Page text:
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Despite my strong opposition to Executive Amnesty, I do find one of President Obama’s arguments on its behalf politically – though not legally – convincing. The House Republican leadership’s refusal to allow a vote on the Senate immigration bill has indeed been inexcusable.

Not that the President or his party have been models of consistency on this issue. For example, Senate Majority Leader Harry Reid hasn’t exactly been shy about letting House-passed bills die on his desk. Moreover, Mr. Obama himself not too long ago passed over an opportunity to pressure Speaker John Boehner to allow a vote on an issue arguably of greater economic importance: Senate-passed legislation that would strengthen American responses to currency manipulation by China and other trading powers.

True, there was no big political groundswell for such a bill, except by many domestic manufacturers and their employees. But as I wrote yesterday, there’s no big political groundswell for Executive Amnesty, either – even among illegal immigrants, let alone Hispanic voters. Moreover, America’s longtime failure to counter foreign currency manipulation has gravely damaged a manufacturing sector that comprises what’s left of the productive heart of the U.S. economy. No one can point to comparable harm done by the status quo in immigration policy, though the wage-depressing presence of the huge illegal workforce has clearly imposed a cost.

Boehner has refused to allow a vote even though a majority of House members – including a sizable group of Republicans – supported the bill. And because Congress’ leaders have nearly total control over the agendas of their respective chambers, there the matter has rested. But did President Obama urge the Speaker to respect the will of majority? Absolutely not – because his administration opposed the legislation, too, and the last thing he wanted was to be placed in a position of vetoing a measure that was easy to portray as defending valuable industrial jobs and production.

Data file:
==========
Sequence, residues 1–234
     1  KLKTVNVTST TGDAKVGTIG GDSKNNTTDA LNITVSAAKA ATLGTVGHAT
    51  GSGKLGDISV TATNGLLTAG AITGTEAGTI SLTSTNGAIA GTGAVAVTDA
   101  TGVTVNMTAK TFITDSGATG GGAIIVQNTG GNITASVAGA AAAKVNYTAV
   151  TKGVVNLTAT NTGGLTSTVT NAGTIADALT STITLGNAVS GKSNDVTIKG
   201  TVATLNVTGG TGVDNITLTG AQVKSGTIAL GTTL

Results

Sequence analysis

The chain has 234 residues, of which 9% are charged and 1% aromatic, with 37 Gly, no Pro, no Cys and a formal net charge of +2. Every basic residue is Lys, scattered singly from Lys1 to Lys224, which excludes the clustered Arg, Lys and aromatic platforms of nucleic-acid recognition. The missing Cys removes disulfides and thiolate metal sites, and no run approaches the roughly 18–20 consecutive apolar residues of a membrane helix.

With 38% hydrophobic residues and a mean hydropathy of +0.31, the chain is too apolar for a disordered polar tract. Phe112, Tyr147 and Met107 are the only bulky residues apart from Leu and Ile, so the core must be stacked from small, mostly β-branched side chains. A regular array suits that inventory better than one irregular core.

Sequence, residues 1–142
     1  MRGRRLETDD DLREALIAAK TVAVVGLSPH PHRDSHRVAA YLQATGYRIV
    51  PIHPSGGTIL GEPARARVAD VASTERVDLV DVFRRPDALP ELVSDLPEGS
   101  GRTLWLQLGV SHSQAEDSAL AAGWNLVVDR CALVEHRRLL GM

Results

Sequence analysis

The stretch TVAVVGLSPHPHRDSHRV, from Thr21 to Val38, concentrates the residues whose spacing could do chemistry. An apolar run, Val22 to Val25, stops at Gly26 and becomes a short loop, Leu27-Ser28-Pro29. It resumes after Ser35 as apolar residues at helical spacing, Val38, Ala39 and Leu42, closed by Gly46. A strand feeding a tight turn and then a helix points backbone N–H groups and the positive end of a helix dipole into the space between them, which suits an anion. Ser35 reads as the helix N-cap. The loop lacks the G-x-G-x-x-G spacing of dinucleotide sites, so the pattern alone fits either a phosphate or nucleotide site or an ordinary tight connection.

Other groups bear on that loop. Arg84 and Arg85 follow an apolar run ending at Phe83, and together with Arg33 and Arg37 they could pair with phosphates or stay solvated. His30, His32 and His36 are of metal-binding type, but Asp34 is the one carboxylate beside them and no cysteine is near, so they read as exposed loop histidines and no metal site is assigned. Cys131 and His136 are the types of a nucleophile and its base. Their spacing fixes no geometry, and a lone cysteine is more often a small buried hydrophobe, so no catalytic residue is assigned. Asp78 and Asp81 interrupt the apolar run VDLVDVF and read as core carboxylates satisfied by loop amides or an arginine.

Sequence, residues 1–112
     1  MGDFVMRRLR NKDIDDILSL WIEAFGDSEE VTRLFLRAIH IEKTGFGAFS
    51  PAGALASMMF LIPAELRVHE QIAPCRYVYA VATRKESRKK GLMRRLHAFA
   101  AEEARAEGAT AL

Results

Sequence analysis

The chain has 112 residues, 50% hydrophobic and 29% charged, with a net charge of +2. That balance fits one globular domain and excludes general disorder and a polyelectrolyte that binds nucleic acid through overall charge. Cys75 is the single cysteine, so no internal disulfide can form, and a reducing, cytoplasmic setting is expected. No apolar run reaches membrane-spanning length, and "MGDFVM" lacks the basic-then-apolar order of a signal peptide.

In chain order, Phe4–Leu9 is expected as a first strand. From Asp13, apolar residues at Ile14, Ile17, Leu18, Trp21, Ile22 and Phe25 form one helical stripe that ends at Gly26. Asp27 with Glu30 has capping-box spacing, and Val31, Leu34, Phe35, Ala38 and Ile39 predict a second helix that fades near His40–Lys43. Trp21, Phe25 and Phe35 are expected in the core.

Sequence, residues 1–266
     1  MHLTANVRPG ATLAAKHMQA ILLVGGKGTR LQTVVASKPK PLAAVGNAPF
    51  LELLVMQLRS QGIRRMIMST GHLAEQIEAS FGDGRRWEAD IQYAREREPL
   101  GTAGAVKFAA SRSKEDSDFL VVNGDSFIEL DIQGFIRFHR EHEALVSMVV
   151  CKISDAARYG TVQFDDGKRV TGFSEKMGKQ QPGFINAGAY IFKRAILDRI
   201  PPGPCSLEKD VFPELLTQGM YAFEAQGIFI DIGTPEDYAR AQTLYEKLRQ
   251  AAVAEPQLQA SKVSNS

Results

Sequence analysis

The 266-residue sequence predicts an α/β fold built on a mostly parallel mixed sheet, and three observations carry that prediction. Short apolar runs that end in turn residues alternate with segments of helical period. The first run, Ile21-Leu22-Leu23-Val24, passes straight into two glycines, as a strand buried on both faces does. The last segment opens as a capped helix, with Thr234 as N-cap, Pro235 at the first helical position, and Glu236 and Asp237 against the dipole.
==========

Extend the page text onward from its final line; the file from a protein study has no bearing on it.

There is of course a way for House members to force votes over the leadership’s objections. A majority of lawmakers can sign a discharge petition. The problem is that leaders typically view this step as an act of open revolt, and have the means to retaliate in all kinds of painful ways for challenges to what they regard as one of their prime prerogatives. So understandably, the Republican backing needed for a currency vote never materialized.

As for the Senate, even a minority can prevent a vote on a bill with majority support thanks to the filibuster rule. So we’re left practically speaking with a situation in which each house of Congress can simply ignore a bill passed by the other – and which I believe is unacceptable.

Of course, there are valid reasons for the current rules. It’s conceivable that relaxing them could create abundant opportunities for political mischief by both sides, and clog Congress’ pipes with all sorts of trivial matters. At the same time, passing a bill still usually isn’t the easiest task in the world in either chamber.  As a result, if a measure does manage to make it through either the House or Senate, there should be a strong presumption that it deserves action from the other chamber.

I’m not sure how to solve the dilemma, but I’d certainly like to see more thinking about ideas for reducing the power of one set of Congressional leaders simply to ignore the collective will of all of their elected counterparts across Capitol Hill. I understand the need for prudence in government and am all for strong checks and balances. But the sheer arbitrariness of the current system seems deeply at odds even wth government that’s minimally effective, let alone genuinely representative.